Monday, January 04, 2010

Donating Blood

Both John and Mike have blogged in the last few days about donating blood. Imitation being the sincerest form of flattery (and lacking a good original idea for this morning), I thought I'd add my own story on the subject.

I used to donate blood regularly when I was in college and in the Air Force. I didn't make it to the ten-gallon level, but I was getting close...it was a good thing to do, and the free coffee, orange juice, and cookies were too good to pass up. I had to stop for a few years after I finished a temporary assignment to a particular location which - according to the Red Cross - made my blood temporarily undesirable, and after that I sort of got out of the rhythm of donating. I know I should start again, and perhaps now is a good time.

Anyhow, here is my favorite blood donation story...

This took place while I was a student back at Penn State in the early 1970's - a much skinnier version of the robust fellow I am today. I reported to the blood donation center and ended up on a table next to one of the well-known members of the Penn State Nittany Lions football team - a fellow who outweighed my by at least a hundred pounds and was big enough to warp gravity in his immediate vicinity. The nurses were all fawning over him, and he was (of course) enjoying the attention. I just laid there and bled, quietly and obscurely, into my bag.

The football player and I finished filling our bags at the same time, and each sat up on the table for a few moments before walking over to the snack area for the free orange juice and cookies. When the nurses thought we were ready, they took us each by the elbow to help us down from the table...we hopped down...

...and the mighty football player's eyes rolled up in his head, he passed out, and fell to the floor with a mighty crash, while skinny Bilbo trotted proudly to the snack bar.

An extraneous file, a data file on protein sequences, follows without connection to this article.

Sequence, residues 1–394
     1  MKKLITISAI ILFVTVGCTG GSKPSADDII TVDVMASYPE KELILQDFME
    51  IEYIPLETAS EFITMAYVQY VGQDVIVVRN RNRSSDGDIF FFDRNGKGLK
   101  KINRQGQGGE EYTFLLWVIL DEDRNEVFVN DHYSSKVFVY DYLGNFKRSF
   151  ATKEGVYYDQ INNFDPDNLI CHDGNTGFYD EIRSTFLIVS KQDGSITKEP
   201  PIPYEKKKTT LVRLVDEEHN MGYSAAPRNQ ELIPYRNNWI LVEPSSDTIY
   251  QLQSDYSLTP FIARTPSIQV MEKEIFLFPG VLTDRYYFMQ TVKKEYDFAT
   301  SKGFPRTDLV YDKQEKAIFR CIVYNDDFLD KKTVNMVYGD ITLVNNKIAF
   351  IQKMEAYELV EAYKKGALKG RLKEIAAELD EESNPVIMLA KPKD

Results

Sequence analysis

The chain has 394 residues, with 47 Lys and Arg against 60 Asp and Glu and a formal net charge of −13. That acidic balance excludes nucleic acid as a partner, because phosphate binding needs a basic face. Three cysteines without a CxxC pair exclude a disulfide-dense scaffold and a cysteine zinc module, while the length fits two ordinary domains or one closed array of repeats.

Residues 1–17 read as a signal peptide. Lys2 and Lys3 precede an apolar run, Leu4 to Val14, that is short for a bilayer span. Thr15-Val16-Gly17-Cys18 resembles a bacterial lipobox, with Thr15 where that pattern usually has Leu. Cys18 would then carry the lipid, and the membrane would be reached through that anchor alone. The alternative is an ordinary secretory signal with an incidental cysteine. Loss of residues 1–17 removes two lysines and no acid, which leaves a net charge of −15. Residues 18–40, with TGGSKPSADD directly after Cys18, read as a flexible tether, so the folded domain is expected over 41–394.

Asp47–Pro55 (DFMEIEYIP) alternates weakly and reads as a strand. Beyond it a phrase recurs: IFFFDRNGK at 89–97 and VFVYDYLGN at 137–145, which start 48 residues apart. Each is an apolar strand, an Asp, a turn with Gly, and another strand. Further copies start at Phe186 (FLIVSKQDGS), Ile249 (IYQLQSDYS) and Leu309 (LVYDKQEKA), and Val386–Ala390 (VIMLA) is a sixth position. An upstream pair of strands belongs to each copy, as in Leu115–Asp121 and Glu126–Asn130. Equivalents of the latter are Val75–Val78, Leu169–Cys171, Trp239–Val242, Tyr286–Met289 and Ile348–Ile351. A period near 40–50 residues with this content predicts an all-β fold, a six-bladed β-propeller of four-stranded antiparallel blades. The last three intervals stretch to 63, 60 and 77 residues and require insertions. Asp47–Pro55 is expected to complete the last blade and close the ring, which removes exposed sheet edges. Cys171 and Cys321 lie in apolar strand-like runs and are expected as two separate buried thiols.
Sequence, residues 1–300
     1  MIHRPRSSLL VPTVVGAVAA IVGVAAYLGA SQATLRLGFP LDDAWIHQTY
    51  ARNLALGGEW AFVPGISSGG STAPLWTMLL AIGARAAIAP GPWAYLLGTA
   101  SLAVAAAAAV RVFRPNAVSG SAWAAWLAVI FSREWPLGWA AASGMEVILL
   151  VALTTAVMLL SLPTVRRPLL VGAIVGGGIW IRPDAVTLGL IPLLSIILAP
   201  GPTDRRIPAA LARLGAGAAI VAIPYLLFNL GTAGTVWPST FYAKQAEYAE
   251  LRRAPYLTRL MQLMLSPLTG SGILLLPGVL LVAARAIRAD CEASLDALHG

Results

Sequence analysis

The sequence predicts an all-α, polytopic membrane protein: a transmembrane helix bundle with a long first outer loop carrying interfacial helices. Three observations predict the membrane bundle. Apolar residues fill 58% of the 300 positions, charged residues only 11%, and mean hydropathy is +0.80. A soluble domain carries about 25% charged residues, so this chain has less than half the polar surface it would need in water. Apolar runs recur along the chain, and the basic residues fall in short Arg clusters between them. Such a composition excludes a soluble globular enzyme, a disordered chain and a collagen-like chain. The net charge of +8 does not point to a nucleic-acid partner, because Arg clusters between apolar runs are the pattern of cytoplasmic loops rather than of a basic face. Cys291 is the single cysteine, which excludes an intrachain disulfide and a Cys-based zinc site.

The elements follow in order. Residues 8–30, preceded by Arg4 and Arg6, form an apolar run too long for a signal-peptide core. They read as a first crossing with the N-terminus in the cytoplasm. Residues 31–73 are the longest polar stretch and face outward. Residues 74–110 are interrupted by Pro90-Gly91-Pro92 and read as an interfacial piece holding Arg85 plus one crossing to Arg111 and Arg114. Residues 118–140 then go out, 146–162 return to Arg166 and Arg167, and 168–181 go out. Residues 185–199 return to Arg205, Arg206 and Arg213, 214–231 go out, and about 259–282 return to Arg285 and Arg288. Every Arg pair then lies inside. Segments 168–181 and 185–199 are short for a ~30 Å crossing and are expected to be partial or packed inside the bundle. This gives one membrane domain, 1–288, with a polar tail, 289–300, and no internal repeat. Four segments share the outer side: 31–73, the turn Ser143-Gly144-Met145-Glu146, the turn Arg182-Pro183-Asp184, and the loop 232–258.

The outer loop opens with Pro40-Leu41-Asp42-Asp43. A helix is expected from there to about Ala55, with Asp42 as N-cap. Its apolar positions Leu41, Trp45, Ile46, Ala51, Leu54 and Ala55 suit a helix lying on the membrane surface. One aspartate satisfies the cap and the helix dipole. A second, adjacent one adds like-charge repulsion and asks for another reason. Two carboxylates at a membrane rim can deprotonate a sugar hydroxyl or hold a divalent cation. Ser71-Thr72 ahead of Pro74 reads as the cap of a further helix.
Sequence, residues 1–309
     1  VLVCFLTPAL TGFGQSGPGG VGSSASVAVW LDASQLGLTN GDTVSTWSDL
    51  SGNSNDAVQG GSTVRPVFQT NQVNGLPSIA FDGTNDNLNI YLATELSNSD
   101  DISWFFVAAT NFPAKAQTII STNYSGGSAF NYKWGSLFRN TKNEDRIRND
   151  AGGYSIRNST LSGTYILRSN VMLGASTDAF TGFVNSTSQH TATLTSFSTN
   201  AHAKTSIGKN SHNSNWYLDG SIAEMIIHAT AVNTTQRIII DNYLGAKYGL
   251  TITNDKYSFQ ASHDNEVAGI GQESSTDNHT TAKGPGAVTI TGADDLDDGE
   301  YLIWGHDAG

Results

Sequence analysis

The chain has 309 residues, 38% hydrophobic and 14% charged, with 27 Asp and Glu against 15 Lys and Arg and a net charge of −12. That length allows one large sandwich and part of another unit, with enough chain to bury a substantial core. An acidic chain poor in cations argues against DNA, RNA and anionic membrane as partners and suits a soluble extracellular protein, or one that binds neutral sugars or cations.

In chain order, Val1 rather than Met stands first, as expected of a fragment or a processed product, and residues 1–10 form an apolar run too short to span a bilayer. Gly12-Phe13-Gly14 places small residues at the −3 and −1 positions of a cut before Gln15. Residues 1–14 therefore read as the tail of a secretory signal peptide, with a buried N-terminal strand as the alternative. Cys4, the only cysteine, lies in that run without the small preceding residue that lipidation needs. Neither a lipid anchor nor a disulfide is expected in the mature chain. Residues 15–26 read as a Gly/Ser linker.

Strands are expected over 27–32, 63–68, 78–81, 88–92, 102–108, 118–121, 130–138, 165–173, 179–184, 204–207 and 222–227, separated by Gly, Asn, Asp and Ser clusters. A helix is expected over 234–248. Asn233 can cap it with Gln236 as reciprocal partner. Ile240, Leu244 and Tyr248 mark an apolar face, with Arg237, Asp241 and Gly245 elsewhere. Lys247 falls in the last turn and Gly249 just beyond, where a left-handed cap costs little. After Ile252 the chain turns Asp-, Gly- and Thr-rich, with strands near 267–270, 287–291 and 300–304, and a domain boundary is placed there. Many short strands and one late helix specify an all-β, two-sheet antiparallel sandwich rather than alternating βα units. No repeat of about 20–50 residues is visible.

This is what the Germans call Schadenfreude.

But don't let that stop you...donate blood. It really is the gift of life.

Time to get dressed and head back to work...the holidays are over. Sigh. And the worst part is that Mike will probably make some snarky comment about being retired.

Double sigh.

Have a good day. Donate blood. More thoughts tomorrow.

Bilbo

5 comments:

KKTSews said...

Don't bother--they won't let you. You lived in Europe too long and therefore potentially a carrier of Mad Cow (now that explains A LOT). There still apparently isn't a reliable or cheap test to see if you're carrying it, so they reject all donors who visited Europe for more than 6 months total or lived there same amount, since like, oh, 1970.
I used to give blood like clockwork, too. It's kind of a bummer.
I had a similiar story when I gave blood next to a macho fighter pilot guy, who not only passed out afterwards, he quietly whimpered when they stuck him. I felt SO superior!

John said...

Blast Mike and his snarky comments! I'll be back at it this afternoon...3-11.

Mike said...

Schadenfreude is what it means to have you and John go to work and me not.

Well I'd better go eat breakfast before it gets to be lunch time here.

Aine Butler-Smith said...

I went to an Ann Rice booksigning that coincided with a blood drive, which I thought was very inventive! There was huge media fanfare, Ann arrived in a coffin, there was a huge line to get into Borders. The blood drive was set up in a trailer on the parking lot of the bookstore, when you gave blood, you got a ticket to get in line to get your book signed.
I stood in line with my friends to give blood but when it came time to give blood, was told I couldn't because I had had hepatitis.
I still got my ticket, and my book signed.

Aine
theevolvingspirit.blogspot.com

Leslie David said...

I remember going to the World Science Fiction Convention while in college and in honor of Robert A. Heinlein they held a blood drive for science fiction blood donors. That's when I first learned that it doesn't matter how long they keep me down, unless I'm sitting up when I donate, the juice and cookie table comes up and hits me in the face. I finally stopped when it reached a point where 3 people got up and donated and I was still dribbling out my pint which they cut off as soon as it weighed full. Until my adventures in Spain in September I'd never had a transfusion before, so I got 2 pints of Spanish red, and I don't mean the kind you can drink.